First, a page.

"What Afghanistan tells us is that rather than changing Washington, Obama has become its captive. The president has succumbed to the twin illusions that have taken the political class by storm in recent months. The first illusion, reflecting a self-serving interpretation of the origins of 9/11, is that events in Afghanistan are crucial to the safety and well-being of the American people. The second illusion, the product of a self-serving interpretation of the Iraq War, is that the U.S. possesses the wisdom and wherewithal to guide Afghanistan out of darkness and into the light."

Verizon's open source gamble pays off

As a big fan of open-source software I was an early adopter of T-Mobile's Android phone the G1. Android is the open-source mobile phone software that is based on Linux and written by the development teams at Google. I've had it for about 10 months and I can tell you as someone who once had a mobile phone powered by Microsoft that it is a tremendous improvement.

A month or two ago other telecoms finally caught on, and Sprint and Verizon are now offering Android phones (as an aside - I used to use Sprint, until Android came out. Sprint at the time pointedly said it would NOT support Android - so I left).

The Verizon phone Droid, which is apparently much improved over my G1 (including Android 2.0, which apparently my phone won't run, and better hardware) has now sold almost 1 million units.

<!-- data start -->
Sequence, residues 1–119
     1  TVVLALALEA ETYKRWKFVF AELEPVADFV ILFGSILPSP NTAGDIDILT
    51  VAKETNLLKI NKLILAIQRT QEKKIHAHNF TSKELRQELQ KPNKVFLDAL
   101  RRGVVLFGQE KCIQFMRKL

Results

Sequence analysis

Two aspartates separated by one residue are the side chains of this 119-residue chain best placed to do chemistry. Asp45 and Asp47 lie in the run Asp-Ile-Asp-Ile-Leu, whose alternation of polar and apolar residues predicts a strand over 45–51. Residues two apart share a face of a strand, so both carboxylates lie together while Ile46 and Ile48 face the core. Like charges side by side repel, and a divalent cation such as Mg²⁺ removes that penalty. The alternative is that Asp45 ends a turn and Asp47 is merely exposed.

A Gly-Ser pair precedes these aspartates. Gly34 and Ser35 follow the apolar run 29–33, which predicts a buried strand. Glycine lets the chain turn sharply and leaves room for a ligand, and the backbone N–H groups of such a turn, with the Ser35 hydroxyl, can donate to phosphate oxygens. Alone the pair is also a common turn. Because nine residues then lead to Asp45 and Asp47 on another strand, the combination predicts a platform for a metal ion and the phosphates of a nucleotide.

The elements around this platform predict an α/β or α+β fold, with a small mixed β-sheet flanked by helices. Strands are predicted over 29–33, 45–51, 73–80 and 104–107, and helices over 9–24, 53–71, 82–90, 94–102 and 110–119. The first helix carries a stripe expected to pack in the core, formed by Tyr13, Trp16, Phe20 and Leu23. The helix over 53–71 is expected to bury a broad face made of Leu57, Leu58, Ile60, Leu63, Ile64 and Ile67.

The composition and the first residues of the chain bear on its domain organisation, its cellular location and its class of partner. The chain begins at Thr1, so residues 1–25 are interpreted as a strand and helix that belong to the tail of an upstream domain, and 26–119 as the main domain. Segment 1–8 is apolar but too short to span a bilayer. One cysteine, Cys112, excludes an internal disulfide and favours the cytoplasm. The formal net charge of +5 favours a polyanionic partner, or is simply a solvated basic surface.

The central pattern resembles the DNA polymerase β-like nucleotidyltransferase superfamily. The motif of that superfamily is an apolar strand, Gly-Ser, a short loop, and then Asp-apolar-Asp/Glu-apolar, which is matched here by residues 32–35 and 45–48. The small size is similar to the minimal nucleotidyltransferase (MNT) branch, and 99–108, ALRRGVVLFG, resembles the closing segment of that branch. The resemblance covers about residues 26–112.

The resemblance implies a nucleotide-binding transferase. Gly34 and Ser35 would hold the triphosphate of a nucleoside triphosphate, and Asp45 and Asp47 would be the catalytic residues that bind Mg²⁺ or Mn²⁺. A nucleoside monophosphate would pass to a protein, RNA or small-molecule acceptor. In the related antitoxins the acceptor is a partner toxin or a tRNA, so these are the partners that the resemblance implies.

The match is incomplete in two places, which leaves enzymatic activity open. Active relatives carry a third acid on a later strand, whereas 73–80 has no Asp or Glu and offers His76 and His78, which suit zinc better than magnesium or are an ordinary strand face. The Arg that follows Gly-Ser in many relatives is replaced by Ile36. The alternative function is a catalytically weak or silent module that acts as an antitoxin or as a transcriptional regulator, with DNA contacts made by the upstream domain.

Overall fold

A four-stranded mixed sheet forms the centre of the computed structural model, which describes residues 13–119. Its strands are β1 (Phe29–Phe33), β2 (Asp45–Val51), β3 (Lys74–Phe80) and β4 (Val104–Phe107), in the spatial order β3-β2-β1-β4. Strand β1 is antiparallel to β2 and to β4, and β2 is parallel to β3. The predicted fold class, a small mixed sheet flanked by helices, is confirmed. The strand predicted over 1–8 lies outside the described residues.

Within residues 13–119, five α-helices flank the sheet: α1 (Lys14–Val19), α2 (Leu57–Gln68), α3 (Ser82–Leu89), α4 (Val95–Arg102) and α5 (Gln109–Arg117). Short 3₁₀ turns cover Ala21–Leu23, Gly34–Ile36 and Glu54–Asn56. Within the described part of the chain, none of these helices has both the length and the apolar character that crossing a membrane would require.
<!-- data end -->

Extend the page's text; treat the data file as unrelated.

And Verizon is killing ATT in the network coverage wars. You'll remember that ATT sued Verizon over television ads comparing the two company's 3G coverage maps. Verizon initially said of the ATT suit that " the truth hurts." Now they've been proven right as ATT has dropped its suit and Verizon is swamping the airwaves touting its network advantage over ATT.

Wednesday, December 2, 2009

Finish the job

How many times have I heard and read that the U.S. is going to "Finish the job," or "Win the war" in Afghanistan? But what does that mean? Does it mean eradicating Afghanistan of the Taliban? Why would anyone think that is possible? The Taliban are a subset of the 40 million Pashtun who live in the area. Do we plan to kill them all, or just "pacify" them forever? Nation building is one thing, but undertaking to change the character of an entire, dirt-poor and uneducated populace is hubris and conceit on steroids. In the end, there will not be, cannot be, "victory" in Afghanistan.